Starting a relationship with your future job
By JUSTIN YAP
THE decision-making process for your career can be daunting. Now, allow me to compare it with the decision-making involved in matrimony as these two decisions have many similarities. How will you know who is the right person to marry? What if you have doubts about spending the rest of your life with this person? Getting hitched can be as intimidating as choosing your future career path.
Imagine this—you are a guy, deciding whether it’s time to buy the engagement ring and plan a proposal, or you are a girl who just got proposed to. There can be lots of things going through your mind but I’d like to think that the crux of the matter comes down to these few factors:
- This decision has long-term implications—can you support a family doing this? How about your folks?
- It has far-reaching consequences —quality of life, social status etc.
- As it affects your future, there are significant amount of risks that you have to consider.
Now, let’s change the context. You are a 17-year-old, fresh-out-of-secondary school teenager. You are burdened with the task of deciding which course to enrol yourself into. Aren’t those three elements mentioned above relevant in this decision as well?
- What you choose to study will shape your career path in the long run.
- What you choose to study can have major implications for your personal life.
- You will only know whether you have made the right choice after some time in the future.
So, if you are like the aforementioned 17-year-old, then take heart in the reality that you are not the only one who is having a hard time. Moreover, do know that all is not lost and there are a few things that you can do to make this decision a little easier.
As these two decisions are relatively similar, let’s look at what people usually do when choosing a soulmate.
The purpose of courtship
It is not uncommon in many cultures to have a period of courtship prior to marriage and for good reason. The chief purpose of courtship is to assess compatibility and some of the steps are as follows: First, you spend hours on the telephone or on some mobile messaging application like WhatsApp to get to know each other. Second, you attempt to find common activities to do together. Third, you spend time with your partner’s immediate and extended family members.
You also court for a prolonged period of time to ensure all the good deeds he or she is doing is not a flash in a pan or the actions of a charlatan. All these are done in an attempt to get to know your partner, so your decision to marry is made with as much information as possible. Thus, the same thought process can be applied to our career decision-making process.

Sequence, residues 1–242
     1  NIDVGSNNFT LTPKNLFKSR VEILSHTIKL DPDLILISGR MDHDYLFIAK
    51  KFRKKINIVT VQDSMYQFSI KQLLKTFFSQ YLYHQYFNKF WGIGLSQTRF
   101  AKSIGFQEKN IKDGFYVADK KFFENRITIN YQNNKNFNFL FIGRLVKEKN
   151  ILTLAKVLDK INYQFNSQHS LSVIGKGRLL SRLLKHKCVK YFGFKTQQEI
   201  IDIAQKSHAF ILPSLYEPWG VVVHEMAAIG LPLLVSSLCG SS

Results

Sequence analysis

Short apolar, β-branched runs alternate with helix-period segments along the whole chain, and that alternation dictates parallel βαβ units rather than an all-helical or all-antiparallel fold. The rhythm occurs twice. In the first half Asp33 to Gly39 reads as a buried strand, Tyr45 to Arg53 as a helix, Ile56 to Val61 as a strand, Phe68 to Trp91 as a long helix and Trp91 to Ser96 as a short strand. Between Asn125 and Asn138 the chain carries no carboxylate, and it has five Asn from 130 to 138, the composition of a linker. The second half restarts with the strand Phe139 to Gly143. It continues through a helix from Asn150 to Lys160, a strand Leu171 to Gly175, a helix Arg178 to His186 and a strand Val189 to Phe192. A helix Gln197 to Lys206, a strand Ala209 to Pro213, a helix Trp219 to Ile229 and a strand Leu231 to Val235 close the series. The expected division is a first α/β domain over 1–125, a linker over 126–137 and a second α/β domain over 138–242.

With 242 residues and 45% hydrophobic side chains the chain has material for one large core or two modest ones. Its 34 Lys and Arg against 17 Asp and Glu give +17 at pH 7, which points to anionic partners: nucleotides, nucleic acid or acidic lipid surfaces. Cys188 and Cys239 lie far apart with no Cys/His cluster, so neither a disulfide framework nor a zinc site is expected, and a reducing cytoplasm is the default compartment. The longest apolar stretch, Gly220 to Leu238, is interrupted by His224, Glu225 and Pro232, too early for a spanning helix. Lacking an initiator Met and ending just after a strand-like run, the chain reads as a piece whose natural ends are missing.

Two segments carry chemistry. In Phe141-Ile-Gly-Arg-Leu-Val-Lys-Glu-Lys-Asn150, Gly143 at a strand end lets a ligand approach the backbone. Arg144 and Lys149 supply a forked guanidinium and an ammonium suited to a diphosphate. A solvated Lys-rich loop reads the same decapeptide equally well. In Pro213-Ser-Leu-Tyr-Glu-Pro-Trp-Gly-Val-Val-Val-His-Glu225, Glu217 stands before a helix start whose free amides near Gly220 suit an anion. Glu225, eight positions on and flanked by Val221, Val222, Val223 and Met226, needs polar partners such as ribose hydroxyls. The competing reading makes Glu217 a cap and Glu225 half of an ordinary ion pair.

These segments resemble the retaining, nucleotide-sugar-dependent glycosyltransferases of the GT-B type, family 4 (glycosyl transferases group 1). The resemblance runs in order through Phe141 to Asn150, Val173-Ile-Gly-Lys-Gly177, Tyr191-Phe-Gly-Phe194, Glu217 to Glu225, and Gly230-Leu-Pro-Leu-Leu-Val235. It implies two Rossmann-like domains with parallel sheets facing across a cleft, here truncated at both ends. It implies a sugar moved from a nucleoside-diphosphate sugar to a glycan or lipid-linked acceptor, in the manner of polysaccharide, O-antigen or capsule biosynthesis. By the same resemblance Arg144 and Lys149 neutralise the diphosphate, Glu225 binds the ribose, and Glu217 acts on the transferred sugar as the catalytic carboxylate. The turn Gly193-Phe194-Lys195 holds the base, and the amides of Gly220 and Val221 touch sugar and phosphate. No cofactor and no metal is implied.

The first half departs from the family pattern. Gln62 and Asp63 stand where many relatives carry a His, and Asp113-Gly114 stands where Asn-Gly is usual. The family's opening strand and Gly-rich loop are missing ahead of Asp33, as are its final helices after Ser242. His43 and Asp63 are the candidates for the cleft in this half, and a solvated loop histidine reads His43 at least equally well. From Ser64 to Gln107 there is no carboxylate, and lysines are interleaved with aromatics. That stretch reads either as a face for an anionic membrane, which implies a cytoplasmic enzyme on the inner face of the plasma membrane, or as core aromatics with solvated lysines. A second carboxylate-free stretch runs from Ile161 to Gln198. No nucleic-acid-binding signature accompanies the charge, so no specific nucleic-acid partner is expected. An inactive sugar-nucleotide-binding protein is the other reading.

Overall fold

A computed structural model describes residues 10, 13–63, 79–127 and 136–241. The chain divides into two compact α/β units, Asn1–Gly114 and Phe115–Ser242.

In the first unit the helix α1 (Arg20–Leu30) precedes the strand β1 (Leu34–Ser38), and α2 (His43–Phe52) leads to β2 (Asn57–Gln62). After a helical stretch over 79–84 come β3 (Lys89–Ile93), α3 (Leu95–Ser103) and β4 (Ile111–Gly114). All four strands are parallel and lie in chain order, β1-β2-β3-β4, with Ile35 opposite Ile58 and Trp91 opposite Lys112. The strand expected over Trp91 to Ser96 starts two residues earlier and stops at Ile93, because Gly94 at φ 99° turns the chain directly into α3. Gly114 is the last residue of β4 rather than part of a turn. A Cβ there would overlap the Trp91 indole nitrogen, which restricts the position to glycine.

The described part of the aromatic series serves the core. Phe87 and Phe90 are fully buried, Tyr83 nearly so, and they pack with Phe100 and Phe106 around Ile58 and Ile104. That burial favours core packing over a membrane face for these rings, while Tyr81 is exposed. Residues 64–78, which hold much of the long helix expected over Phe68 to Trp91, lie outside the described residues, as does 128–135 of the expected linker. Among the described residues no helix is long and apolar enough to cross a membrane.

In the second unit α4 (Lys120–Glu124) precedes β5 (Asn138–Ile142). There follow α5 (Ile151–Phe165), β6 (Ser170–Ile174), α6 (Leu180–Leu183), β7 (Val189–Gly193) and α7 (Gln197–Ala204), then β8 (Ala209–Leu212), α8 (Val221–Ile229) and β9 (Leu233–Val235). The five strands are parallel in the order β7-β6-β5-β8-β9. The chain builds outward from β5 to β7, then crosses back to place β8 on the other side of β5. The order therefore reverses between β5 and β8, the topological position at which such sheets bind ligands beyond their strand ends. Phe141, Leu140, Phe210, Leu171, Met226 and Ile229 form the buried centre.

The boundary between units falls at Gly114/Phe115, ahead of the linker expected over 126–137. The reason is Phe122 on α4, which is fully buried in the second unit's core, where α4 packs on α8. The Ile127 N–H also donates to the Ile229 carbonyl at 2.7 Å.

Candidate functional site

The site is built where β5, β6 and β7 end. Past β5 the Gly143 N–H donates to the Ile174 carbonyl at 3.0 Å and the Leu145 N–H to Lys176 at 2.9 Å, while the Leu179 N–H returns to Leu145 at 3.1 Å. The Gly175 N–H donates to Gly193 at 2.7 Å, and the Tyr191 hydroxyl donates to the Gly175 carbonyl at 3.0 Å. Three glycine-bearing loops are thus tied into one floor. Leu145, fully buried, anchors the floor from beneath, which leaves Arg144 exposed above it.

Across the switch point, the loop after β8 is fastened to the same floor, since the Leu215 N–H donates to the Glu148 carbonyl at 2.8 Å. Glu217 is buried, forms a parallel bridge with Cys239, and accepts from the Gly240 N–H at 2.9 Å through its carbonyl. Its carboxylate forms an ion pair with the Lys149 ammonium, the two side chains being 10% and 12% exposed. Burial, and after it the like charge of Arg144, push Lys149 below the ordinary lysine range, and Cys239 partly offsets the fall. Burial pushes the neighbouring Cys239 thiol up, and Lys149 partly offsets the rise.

We need to court our job
The use of “job” instead of “college major” is an intentional one. Even though you are deciding which course to study, the minimum three to five years spent pursuing your degree is but a fraction of the time you will be spending in your job.
So how do you court a job?
Well, you try them out, similar to dating. Look for opportunities for part-time work or internships. And if you can’t try them out first-hand, ask people who have, just like you would ask people who knows your would-be partner well. Scour your extended family for relatives who are in a particular profession.
If all else fails, you could consult the modern-day oracle, Google. There are many websites which contain the job information you are looking for and a favourite of mine is www.onetonline.org. Be as thorough in your online research of a job. All these actions should be able to yield you information about what the job looks like and hopefully, help make the decision-making process less stressful.
Last but not least . . .
I’d like to point out that there will still be some amount of anxiety when making this decision. However, one does not need to stress as much about making the perfect career decision as much as making the perfect marriage decision.
Unlike marriage, it is relatively easier to leave your job, not to mention, more socially acceptable too. Employers today are increasingly looking for key characteristics like attitude, work ethics, and willingness to learn more than the degree you specialised in.
In the modern world today, it’s common to find individuals working in fields totally unrelated to their tertiary education. I’d like to think that this is a reflection of life—you can prepare and plan as much as you like, but things do not always go according to plan.
What you can do, however, is to gather as much accurate information as needed before making critical decisions.
Ensure it’s an informed decision rather than a foolish one. While you cannot guarantee that you will find happiness in your job as much as you cannot predict whether you will be happy with your partner for the rest of your lives together, make the most of both every day.
So carry on. Woo your career. Happy courting!
See also: Courting Your Career: Part 2